The title was originally scheduled for October (I completed the manuscript several months ago). But the publisher has decided to wait until May, in order to allow more time for production and promotion. So, the book will be released on Mother's Day, though you can order it now.
As noted before, the book has quite a bit of information about Miss Lyons that has never been published. A good number of photos will be in the book, a number of them not previously published, as well.

My apologies to those of you who had planned on it being published last month. And thanks to those in Cincinnati, Columbus, Dayton, Indianapolis, West Virginia and southern Michigan for your patience!
--Mike http//

Monday, November 24, 2008

More on Book Reviews

I figure the second biggest reason for books not getting noticed is because there are so many of them. We're over 40,000 for new books published every year, and some PR people and authors send out books to anyone and everyone--even inappropriate review venues.

(I still figure that the "biggest" reason for books not being reviewed is the lack of advertising support, as discussed in the preceding post.)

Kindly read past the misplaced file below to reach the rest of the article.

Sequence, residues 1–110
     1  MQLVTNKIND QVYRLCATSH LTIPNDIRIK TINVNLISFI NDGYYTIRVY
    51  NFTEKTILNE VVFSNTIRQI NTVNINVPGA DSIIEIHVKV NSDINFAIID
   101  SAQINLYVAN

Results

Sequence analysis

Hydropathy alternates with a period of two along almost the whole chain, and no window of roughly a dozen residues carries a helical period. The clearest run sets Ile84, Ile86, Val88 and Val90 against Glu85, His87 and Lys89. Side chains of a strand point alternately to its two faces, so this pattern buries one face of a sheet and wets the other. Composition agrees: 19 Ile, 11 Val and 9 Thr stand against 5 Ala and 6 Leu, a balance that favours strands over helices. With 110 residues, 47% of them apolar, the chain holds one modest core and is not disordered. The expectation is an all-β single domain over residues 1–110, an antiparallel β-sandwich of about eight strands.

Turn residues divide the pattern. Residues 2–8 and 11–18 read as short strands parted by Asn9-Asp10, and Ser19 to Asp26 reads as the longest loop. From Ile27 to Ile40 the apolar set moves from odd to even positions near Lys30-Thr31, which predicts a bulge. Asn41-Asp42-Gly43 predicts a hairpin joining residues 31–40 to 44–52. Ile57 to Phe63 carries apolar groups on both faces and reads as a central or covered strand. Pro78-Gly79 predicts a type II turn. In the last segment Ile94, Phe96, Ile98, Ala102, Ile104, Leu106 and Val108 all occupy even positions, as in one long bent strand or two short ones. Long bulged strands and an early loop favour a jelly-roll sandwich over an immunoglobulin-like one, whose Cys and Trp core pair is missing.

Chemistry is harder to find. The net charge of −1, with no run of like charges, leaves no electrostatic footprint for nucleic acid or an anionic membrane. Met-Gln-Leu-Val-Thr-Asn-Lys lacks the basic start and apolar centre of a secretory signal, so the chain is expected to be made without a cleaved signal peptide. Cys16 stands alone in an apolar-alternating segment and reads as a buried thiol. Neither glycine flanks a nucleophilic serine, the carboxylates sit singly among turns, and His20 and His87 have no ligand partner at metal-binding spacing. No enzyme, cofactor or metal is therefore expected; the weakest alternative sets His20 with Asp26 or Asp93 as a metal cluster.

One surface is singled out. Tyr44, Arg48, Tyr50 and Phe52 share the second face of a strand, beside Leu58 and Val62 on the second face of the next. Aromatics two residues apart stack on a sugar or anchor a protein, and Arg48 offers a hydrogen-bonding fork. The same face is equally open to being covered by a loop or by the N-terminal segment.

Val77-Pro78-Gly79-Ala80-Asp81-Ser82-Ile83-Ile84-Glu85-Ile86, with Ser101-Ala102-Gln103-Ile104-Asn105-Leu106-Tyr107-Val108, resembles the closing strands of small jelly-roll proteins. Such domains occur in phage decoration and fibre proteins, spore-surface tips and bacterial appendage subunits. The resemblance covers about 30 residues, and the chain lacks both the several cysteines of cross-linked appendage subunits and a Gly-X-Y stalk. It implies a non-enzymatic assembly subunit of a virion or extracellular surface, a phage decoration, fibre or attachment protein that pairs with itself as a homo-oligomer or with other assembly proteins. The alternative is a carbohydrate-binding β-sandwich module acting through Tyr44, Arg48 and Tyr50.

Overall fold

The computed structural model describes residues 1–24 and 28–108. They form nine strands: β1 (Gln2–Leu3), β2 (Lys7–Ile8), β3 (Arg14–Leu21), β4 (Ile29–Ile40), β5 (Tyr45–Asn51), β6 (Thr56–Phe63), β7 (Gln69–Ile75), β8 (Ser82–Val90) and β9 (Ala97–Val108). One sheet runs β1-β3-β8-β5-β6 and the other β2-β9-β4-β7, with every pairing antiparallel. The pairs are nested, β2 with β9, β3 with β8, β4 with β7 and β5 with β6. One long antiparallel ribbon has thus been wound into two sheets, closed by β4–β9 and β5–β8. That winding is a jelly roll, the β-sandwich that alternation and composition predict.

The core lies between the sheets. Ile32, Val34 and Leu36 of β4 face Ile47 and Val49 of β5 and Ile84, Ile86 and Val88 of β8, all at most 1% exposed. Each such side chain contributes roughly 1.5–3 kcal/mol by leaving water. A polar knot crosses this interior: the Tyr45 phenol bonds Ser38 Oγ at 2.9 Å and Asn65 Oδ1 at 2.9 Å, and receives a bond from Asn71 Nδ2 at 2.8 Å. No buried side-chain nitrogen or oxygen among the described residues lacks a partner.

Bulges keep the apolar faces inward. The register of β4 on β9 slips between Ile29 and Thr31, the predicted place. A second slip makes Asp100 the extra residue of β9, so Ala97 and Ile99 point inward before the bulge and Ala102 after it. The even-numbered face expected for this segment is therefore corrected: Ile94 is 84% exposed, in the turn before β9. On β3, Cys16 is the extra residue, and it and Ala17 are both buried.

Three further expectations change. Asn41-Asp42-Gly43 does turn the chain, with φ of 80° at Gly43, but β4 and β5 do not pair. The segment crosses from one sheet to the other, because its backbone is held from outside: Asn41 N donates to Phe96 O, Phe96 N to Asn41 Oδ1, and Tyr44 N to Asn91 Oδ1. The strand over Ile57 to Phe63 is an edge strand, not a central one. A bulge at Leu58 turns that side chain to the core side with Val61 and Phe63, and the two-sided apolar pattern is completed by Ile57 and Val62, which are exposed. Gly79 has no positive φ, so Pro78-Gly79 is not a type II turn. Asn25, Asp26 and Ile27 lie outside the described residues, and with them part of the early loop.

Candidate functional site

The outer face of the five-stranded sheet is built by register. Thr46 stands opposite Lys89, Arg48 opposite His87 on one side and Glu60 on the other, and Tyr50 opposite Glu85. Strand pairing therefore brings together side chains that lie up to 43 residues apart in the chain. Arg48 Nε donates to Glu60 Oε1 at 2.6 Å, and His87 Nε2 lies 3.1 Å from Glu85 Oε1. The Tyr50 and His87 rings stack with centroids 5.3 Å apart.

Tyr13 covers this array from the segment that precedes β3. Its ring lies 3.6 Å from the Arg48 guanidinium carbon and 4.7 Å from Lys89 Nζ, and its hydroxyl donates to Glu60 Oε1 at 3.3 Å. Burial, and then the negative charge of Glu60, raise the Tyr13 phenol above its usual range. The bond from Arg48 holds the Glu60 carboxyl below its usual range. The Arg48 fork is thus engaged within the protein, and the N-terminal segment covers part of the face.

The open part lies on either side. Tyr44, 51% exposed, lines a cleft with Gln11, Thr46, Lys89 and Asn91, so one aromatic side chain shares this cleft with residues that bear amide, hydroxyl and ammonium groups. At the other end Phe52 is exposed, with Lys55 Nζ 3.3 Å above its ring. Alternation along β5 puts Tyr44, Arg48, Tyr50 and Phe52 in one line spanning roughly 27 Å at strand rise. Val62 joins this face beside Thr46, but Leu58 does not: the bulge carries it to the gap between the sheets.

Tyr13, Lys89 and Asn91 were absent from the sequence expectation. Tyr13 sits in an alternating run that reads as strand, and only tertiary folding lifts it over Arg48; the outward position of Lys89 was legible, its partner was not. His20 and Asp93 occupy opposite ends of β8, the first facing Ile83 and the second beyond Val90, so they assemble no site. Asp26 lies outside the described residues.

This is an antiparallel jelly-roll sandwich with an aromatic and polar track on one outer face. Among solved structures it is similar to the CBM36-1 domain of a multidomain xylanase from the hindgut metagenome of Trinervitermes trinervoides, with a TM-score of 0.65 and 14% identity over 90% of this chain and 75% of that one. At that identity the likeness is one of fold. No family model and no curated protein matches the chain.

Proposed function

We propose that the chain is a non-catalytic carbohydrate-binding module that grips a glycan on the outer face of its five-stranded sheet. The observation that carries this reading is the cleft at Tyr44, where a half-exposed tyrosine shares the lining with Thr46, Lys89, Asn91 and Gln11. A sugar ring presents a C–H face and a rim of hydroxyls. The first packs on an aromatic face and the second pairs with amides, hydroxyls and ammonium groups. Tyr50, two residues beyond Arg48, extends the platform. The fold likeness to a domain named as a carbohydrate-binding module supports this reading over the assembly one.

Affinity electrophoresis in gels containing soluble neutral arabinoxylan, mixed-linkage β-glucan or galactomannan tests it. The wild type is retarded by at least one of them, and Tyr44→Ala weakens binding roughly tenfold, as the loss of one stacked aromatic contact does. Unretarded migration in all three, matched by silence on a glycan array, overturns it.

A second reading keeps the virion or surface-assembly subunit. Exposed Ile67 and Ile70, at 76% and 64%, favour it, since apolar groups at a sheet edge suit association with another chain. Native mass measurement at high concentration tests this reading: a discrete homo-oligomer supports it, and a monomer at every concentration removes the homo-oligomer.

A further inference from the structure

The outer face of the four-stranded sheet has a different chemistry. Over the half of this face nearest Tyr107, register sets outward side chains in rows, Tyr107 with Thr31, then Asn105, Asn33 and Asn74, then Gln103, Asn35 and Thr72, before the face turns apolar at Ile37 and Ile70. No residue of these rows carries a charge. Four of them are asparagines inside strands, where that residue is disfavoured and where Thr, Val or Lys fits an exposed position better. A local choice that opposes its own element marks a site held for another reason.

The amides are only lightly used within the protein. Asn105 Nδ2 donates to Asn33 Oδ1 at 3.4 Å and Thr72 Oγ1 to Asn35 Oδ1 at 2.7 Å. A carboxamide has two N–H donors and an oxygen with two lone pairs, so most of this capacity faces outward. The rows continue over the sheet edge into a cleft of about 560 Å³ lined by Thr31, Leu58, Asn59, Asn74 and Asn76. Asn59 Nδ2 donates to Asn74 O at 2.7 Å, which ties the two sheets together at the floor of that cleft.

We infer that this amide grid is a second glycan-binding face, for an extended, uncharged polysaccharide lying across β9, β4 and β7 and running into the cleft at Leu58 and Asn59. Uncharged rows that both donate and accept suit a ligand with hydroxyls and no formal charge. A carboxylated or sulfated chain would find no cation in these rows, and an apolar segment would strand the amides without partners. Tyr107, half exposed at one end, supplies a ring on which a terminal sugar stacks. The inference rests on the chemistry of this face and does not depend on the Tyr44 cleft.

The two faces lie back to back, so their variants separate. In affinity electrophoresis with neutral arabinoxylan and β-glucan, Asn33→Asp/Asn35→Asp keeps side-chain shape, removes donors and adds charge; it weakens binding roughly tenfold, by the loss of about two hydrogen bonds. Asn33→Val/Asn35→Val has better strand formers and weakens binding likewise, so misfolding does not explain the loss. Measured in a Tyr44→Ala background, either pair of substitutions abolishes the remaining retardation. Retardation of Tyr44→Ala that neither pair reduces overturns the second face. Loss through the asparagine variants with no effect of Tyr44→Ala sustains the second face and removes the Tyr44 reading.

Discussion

A tactic I use before a new book comes out is to contact everyone who might receive or want a copy for review. It's obvious, but some people don't use it. And, perhaps as evidenced by the preceding post, it doesn't always work--which may be a result of the "too many books" problem. Even though an editor or reviewer knows a book is on the way, she may be deluged by so many books (and accompanying announcements, email, etcetera) that the idea of the book is displaced from her thoughts.

At the same time, those operating in the more popular review venues (say, the New York Times) may rely on a rigid system or may have their review choices dictated to them.

Does Anyone Review Books for Magazines or Newspapers Nowadays?

I used to review books quite frequently, and my own books--fiction and non-fiction were reviewed almost as often. But my two most recent titles have seen little coverage in print media. Both received excellent reviews from bloggers and other readers (posted at Amazon, for example). But none have turned up in magazines for either book. I can't quite figure it out. Certainly Blogging Heroes appeals to a specialized audience, but the magazines that interest bloggers weren't reviewing it. Neither were publications about politics (a topic in which Blogging Heroes often ranks high on Amazon) or small business.